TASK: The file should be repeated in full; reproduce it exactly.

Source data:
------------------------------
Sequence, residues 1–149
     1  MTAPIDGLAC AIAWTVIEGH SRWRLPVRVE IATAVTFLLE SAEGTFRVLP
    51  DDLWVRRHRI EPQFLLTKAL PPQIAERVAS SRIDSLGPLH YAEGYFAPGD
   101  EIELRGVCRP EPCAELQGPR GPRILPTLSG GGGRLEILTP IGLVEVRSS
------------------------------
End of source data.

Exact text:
Sequence, residues 1–149
     1  MTAPIDGLAC AIAWTVIEGH SRWRLPVRVE IATAVTFLLE SAEGTFRVLP
    51  DDLWVRRHRI EPQFLLTKAL PPQIAERVAS SRIDSLGPLH YAEGYFAPGD
   101  EIELRGVCRP EPCAELQGPR GPRILPTLSG GGGRLEILTP IGLVEVRSS